By JIM WILLIS
As downtown Red Bank becomes more and more a shopping destination for one-percenters and a food court for homesick Staten Islanders on the jones for steaming piles of red sauce and garlic, the 99 percent who actually live here occasionally need to get creative and cross into neighboring towns for a good lunchtime fix.
And so it was that PieHole headed across the border to Tinton Falls for lunch at our current favorite oasis of reasonably priced eats and lack of pretension: the Pour House.
It takes a few moments for the eyes to adjust from the bright outdoors to the comforting darkness of the Pour House’s interior, but once inside, we see there’s a bustling lunch crowd at tables and on stools around the ample bar. We’re quickly seated at a table and start pursuing the extensive lunch menu.
The Pour House has a deep bench of specials every day. Whenwe visited, the list included an Italian Roast Beef Panini with mozzarella, arugula and prosciutto ($11.99, including a side of fries) and Pierogies Bolognese ($9.99). The regular menu also covers everything from burgers to fried oysters – a pleasantly daunting selection.
Pour House owner Gary Schoelkopf tells PieHole that the depth and breadth of the menu, including at least a dozen or so lunch and dinner specials every day, was born of necessity when larger restaurant chains started moving into the area in the early 2000s.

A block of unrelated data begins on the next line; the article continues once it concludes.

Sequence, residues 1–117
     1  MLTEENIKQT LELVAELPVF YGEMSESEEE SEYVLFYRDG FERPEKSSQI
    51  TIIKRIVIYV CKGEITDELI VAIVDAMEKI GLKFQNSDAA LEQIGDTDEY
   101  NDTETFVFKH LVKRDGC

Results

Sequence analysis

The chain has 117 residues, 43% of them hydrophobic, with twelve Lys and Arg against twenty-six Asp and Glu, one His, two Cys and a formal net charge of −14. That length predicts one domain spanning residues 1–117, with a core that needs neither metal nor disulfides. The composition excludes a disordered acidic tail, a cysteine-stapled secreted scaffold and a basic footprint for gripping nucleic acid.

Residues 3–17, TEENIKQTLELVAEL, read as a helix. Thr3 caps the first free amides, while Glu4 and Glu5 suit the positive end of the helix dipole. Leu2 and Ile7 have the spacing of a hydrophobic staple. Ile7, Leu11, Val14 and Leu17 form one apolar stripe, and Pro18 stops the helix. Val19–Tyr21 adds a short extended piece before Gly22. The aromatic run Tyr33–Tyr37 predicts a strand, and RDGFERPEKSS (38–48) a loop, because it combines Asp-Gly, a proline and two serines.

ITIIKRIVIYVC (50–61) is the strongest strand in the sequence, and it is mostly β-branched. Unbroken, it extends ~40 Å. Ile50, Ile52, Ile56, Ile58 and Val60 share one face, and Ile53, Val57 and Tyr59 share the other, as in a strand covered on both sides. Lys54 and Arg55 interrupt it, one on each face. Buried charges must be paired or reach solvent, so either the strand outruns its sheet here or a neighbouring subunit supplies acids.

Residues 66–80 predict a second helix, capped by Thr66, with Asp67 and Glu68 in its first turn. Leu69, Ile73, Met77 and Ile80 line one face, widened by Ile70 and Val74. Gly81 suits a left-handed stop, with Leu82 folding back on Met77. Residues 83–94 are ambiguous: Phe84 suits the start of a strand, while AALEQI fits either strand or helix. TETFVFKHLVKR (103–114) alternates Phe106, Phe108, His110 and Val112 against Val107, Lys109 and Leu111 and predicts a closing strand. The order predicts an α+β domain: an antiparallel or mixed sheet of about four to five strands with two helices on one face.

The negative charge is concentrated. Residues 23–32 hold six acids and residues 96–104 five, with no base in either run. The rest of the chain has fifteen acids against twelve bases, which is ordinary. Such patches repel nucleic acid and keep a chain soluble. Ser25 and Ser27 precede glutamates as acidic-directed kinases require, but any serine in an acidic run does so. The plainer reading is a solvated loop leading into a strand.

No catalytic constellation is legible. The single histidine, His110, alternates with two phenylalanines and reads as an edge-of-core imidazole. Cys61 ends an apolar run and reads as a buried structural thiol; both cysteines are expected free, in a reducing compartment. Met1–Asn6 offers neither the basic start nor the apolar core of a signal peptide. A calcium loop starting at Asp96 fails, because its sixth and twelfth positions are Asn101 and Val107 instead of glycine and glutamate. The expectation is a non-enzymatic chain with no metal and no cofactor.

“We had to differentiate ourselves,” he says. To compete with the chains’ offerings of cheap draft beer specials and other enticements, Schoelkopf began offering a wide and changing variety of entrees and sticking to an affordable price point.
“I come in around 3 a.m. every day and make up the sauces and stocks, and come up with the day’s lunch and dinner specials for the kitchen staff,” he says.
Most of the specials on the menu range from $8.99 to $11.99, and come with a cup of soup. PieHole opted for the Hot Pastrami Reuben special with fries and coleslaw for $9.99 and the black bean and sausage soup.
The soup arrived quickly. Served with thin tortilla strips on top and a dollop of sour cream, it was tasty and had a tiny little bit of kick to it.
The reuben was stacked with thin slices of pastrami that had nicely crisped edges (perhaps from being warmed in a pan instead of the usual microwave) and covered in melted Swiss and a pleasing, sweet Russian dressing. Served closed-face on rye bread that was toasted on the grill to a nice crunch without being too dry, the sandwich was satisfying and well-executed.
Shoelkopf is on to something with the reasonably priced, wide variety of specials. He tells PieHole that lunch (and dinner) have been busy ever since Hurricane Sandy, when “people really changed their [dining out] habits. They rediscovered us, and have been coming back ever since.”